blueollie

Ok, how to oppose Trump?

I am a bit perplexed. Sure, the people that I associate with mostly hate Trump, though I guess that I might have a friend or two that may have voted for him. With those: I just don’t bring it up; it is possible for me to have enough values in common but have different opinions on how to reach those values.

And unlike many of my friends, my biggest beefs with Trump is that I value proven competence and that I expect a certain deportment from the POTUS. He has shown me neither nor given me any hope that I’ll see any.
So when I say “stop Trump” I mean, well, the man himself. Yes, I don’t like most Republican policies, but I am willing to have a debate about those and I admit that, under the current rules, the Republicans won enough elections at just about every level, so they get to govern.

What I want is a stable, informed, principled Republican. We do not have that.

But, don’t count on Congress; after all, they go by what their constituents want and the Republicans like what they see. And because of several factors, including:

1. 2 Senators per state, no matter how sparsely populated
2. Geographic distribution of Congressional seats..and Democrats tend to live in tight clusters
3. Gerrymandering of US House districts

Conservative, rural people are grossly over represented in Congress. There is no getting around that. So national unpopularity of Trump means little.

So, what can we do?

The bottom line: Democrats and liberals are a minority in the US; we need allies. And yes, that means making friends with some whose values differ from ours, at least in some areas:

ut most left-wing leaders chose the second path. In the years between 1935 and 1945, they quietly began recruiting conservatives to build an anti-Hitler coalition and plan for the post-Nazi order. To achieve that goal, however, they needed to develop ideas and craft policies that would attract religious Germans.

This required some painful ideological compromises. Many left-wing leaders gave up their struggle against religion in public schools and abandoned their previous goal of socializing key industries. The more radical left criticized them as betraying the socialist cause. But after Hitler’s demise and the end of World War II, their decisions helped to provide a stable foundation for what became known as West Germany, and ultimately today’s reunified Germany, which by most measures is one of the least politically polarized societies in the world.

Meanwhile, the left-wing resisters who refused to compromise with conservatives found themselves isolated and dependent on support from the Soviet Union, whose leaders proved just as ideologically intransigent. These were the men and women who ended up founding East Germany, a state that survived only as long as communist Russia remained economically viable.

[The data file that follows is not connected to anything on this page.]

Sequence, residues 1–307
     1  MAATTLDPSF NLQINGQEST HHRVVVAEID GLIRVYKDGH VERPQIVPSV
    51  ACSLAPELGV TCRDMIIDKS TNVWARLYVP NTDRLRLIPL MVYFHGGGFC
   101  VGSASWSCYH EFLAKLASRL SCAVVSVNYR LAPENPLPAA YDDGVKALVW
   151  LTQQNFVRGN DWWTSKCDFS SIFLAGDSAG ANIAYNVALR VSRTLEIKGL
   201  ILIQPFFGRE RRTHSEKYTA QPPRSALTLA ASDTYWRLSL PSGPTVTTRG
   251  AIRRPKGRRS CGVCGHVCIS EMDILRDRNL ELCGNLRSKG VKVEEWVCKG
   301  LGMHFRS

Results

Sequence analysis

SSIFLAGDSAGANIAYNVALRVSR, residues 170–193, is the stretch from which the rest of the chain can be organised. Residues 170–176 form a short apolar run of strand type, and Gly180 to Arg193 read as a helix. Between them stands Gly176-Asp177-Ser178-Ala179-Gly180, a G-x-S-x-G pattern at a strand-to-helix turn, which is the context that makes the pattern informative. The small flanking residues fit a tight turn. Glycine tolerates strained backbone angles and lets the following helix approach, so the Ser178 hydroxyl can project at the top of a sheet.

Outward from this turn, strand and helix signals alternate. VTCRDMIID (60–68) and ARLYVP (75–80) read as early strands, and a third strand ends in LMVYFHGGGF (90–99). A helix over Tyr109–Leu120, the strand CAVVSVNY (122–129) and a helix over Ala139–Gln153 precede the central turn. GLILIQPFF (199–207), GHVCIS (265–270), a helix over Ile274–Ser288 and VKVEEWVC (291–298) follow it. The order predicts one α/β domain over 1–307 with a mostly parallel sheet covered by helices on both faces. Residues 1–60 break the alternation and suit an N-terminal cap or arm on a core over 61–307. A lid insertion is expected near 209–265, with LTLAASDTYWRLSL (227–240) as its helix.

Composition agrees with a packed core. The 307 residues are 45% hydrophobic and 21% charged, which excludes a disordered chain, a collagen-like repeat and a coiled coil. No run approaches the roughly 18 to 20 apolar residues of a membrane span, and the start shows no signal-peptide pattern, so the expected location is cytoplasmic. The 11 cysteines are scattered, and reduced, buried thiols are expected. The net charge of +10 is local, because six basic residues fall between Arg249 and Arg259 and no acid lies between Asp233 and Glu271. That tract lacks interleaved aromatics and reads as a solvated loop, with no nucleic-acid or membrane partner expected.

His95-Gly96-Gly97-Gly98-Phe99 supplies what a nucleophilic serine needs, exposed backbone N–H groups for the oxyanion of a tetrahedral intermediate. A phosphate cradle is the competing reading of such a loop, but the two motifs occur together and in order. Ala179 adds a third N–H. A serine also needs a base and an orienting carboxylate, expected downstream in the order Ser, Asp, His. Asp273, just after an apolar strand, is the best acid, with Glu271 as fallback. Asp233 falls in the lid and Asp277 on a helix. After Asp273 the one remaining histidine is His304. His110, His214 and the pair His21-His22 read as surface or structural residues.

The current American situation is not identical to the German case. But Trump’s ascendancy is a symptom of societal crisis, just as Hitler’s was in Germany. At least since the 1980s and the entry of a religious right into politics, there has been polarization over the question of the country’s bedrock values. And for the past eight years, Republicans — establishment politicians and the tea party insurgents who brought them to heel — have run a successful campaign of “no compromise” with the left. Living in North Carolina, the so-called belly of the beast, I have seen how many on the right speak about liberals as enemies (and vice versa). They embrace Trump despite their skepticism because they think he can finally push through their agenda with no left-wing interference.

Liberals could emulate the pragmatic wing of the anti-Nazi resistance by appealing to conservatives. But this would require something more agonizing than normal bipartisan compromises. It would mean finding common ground on the very social issues that have riven politics for the past three or four decades.

Liberals might have to alter, or at least sideline, some of their most prized platforms on abortion or secularism in the public sphere. Conservatives might need to consider welfare policy proposals they have long condemned, such as single-payer health care. Compromise on that profound level seems almost impossible at the moment. But Trump’s threat to the republic grows in proportion to the widening ideological fissure between left and right. As the German example shows, bridging the worldviews of former enemies may be the only way to avoid the abyss.